"The Pilot Program will not fund devices, including end-user connected devices (e.g., tablets, smart phones, or remote patient monitoring equipment), medical equipment, health care provider administrative costs, personnel costs (including, but not limited to medical professional costs), or other miscellaneous expenses. The Pilot Program also will not fund network deployment, the construction of networks between health care providers, or connectivity services between health care provider sites," the public notice adds.
The pilot program was established in April in the same order that established the COVID-19 Telehealth Program to quickly distribute $200 billion appropriated for that purpose in the Coronavirus Aid, Relief, and Economic Security (CARES) Act (TR Daily, April 2).
At that time, Commissioner Mike O’Rielly had urged that the establishment of the two programs be bifurcated into separate agency actions, to allow more time to consider issues such as the agency’s source of authority for the pilot, the lack of criteria for judging competing applications, the "neither here-nor-there" funding source, and the decision to adopt an across-the-board funding level of 85% of a project’s eligible costs (TR Daily, April 1). Commissioner Jessica Rosenworcel also expressed about the lack of "clear performance metrics" to assess the program at the end of the pilot period, as well as the failure to focus the program on a specific health care problem, such as maternal mortality (TR Daily, April 2).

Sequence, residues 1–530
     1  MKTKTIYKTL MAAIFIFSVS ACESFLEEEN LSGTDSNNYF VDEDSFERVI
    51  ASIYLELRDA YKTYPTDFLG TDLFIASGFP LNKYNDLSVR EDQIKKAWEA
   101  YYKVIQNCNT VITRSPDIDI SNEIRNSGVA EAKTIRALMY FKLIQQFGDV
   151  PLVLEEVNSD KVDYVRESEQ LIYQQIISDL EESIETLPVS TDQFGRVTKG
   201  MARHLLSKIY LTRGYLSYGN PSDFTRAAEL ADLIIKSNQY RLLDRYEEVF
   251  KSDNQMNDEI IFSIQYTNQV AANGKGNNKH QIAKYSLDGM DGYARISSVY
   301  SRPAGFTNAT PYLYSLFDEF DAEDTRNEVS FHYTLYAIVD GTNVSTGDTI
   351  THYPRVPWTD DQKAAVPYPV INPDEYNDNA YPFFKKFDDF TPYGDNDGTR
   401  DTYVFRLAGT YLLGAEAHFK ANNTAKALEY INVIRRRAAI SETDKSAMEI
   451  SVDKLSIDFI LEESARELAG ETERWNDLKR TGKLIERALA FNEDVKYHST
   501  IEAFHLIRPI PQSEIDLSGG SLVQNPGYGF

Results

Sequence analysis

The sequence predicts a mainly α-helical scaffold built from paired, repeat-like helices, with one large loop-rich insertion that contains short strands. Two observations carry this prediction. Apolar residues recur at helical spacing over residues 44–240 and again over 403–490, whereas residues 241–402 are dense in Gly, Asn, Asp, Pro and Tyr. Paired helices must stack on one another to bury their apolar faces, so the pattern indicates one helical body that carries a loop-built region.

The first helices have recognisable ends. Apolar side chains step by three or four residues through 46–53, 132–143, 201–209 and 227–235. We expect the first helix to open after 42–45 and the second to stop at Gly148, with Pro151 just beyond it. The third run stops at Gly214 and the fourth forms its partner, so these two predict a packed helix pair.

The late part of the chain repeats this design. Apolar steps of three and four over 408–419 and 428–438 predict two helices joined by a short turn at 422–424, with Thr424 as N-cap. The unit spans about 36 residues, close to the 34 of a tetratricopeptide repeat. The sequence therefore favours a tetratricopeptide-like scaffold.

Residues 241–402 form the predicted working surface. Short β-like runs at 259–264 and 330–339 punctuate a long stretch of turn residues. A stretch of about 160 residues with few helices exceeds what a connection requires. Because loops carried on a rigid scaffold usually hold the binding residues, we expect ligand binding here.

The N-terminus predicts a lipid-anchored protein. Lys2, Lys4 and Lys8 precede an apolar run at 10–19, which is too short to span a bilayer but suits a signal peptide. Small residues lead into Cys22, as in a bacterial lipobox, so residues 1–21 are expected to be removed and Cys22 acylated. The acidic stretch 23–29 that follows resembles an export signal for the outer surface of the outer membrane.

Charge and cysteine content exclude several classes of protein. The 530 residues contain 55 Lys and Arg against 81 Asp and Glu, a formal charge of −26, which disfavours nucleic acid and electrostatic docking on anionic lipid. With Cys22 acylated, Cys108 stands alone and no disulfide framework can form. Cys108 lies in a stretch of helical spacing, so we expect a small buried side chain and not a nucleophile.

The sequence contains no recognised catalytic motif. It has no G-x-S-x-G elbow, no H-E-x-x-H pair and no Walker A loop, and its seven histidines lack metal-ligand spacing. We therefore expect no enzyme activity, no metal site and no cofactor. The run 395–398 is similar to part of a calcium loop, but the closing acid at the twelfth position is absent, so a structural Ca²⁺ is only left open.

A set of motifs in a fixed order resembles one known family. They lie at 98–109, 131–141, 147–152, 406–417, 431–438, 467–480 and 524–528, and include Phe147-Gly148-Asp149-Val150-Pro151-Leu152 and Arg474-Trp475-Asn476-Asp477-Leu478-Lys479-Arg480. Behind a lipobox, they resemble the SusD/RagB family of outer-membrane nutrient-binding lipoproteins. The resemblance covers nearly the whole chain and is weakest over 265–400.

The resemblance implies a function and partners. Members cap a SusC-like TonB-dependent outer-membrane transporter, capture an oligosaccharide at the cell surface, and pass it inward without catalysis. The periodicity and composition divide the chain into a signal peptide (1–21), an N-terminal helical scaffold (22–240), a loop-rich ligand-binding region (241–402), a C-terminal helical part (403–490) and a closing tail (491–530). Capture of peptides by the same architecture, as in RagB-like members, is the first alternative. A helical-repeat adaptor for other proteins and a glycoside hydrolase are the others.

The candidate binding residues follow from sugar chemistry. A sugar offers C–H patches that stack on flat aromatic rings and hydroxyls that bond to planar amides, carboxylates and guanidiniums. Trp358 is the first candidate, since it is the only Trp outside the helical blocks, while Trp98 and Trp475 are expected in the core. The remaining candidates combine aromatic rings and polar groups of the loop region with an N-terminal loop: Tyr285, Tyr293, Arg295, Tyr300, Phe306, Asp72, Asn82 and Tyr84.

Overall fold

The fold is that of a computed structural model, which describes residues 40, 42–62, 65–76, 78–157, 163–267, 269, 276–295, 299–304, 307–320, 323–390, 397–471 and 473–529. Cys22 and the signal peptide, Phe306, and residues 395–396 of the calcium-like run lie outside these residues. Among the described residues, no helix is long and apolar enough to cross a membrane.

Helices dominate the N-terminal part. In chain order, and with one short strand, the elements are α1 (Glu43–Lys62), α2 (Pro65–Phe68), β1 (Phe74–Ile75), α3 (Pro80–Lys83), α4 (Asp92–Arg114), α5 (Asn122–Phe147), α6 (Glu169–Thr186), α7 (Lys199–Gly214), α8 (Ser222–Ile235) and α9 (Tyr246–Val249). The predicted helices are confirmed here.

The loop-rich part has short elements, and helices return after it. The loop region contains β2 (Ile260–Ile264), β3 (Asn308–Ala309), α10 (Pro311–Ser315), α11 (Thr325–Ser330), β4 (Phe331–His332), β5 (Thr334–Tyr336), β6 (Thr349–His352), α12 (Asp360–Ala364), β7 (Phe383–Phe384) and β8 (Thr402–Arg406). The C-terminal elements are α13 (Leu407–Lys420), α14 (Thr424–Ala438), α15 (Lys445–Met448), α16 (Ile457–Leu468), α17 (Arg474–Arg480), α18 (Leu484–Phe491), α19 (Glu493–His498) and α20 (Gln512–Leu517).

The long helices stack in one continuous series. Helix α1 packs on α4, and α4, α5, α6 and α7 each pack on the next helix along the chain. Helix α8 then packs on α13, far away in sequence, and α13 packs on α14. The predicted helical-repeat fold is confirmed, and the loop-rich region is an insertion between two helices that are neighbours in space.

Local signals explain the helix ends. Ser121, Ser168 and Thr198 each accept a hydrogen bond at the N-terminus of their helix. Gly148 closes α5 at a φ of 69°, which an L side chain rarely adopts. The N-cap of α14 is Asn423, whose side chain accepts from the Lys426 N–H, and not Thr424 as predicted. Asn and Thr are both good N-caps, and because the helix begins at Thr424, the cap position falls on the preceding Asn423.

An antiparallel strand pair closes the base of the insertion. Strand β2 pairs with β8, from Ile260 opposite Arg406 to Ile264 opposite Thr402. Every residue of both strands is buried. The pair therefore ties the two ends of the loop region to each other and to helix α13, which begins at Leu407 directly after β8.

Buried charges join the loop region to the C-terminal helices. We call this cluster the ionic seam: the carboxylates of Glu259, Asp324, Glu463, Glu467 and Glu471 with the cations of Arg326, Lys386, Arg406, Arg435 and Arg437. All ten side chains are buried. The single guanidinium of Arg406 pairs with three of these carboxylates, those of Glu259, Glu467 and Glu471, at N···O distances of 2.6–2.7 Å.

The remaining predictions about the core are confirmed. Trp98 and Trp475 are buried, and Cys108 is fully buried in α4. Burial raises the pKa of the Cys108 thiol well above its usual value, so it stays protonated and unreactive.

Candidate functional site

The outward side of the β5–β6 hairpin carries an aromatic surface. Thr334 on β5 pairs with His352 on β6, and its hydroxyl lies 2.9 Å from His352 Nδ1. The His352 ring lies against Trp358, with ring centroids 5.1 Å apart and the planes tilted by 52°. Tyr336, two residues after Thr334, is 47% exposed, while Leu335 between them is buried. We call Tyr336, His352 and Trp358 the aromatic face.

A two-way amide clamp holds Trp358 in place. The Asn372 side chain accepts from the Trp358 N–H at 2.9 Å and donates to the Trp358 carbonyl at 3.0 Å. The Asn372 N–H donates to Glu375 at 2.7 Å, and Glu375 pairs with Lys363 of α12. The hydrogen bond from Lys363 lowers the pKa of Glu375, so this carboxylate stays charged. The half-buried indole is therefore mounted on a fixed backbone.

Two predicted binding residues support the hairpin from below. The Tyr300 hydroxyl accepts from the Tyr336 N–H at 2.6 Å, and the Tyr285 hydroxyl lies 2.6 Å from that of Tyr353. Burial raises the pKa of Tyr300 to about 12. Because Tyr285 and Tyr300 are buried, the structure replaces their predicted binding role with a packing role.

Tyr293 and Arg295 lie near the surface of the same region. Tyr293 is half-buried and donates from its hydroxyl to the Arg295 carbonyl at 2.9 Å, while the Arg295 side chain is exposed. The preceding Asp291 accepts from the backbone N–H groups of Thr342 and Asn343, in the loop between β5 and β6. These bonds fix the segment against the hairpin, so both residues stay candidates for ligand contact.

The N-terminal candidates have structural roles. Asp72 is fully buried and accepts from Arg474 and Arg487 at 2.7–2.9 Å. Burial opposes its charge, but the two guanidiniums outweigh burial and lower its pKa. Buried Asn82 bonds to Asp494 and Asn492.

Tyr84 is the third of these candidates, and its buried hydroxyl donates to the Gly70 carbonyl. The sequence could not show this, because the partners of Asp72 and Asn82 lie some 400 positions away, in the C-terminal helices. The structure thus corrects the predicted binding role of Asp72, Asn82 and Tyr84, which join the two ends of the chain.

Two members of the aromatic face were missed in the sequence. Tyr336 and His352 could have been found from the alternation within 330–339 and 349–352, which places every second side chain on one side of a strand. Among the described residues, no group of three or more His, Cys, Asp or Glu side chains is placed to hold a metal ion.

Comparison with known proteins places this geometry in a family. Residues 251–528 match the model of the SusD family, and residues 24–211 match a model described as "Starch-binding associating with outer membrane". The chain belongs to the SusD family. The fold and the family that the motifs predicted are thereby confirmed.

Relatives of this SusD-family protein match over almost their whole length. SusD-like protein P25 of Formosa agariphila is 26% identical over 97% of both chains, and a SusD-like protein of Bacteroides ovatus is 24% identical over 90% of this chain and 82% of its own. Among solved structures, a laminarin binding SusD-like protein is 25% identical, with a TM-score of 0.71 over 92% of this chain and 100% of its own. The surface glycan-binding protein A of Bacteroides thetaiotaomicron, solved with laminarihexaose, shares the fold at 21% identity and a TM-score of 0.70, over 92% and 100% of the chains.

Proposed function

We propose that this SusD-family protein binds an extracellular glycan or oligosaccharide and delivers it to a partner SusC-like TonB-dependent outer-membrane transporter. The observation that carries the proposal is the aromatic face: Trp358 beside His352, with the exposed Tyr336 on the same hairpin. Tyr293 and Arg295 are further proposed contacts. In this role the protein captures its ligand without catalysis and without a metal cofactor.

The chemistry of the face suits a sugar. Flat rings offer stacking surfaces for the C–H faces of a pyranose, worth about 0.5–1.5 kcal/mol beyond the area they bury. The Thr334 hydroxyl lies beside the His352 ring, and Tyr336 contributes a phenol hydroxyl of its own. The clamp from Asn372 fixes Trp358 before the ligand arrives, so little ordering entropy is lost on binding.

In a statement today, FCC Chairman Ajit Pai said, "In the past year, connectivity has become an increasingly critical component of delivering health care services in our country. Spearheaded by Commissioner Carr, our Connected Care Pilot Program explores how universal service support can provide next-level health care to our nation’s most vulnerable populations, including low-income Americans and veterans. With the opening of this application window, the FCC affirms its commitment to driving the future of health care delivery and supporting innovative pilot projects across the country."
Commissioner Carr said, "This new initiative is the healthcare equivalent of shifting from Blockbuster to Netflix. With smartphones, tablets, and connected healthcare devices, patients no longer need to travel to brick-and-mortar facilities or meet in person with a doctor to receive high-quality care. I am excited to get this program going because it will improve patient outcomes while cutting healthcare costs."
He added, "When we first sought comment on expanding the FCC’s telehealth programs to support the delivery of high-quality care directly to Americans, we couldn’t have fully appreciated how important providing care at a distance would become. But supporting this trend in telehealth has proven more important than ever before. The FCC’s new Connected Care initiative can ensure that Americans receive quality care while continuing to maintain physical separation. And it can be used to treat a wide range of health conditions—such as opioid dependency, diabetes, heart disease, mental health conditions, and high-risk pregnancy. Focusing this initiative on low-income Americans and veterans will ensure that everyone has a fair shot at the benefits that this new trend in telehealth can deliver." —Lynn Stanton, [email protected]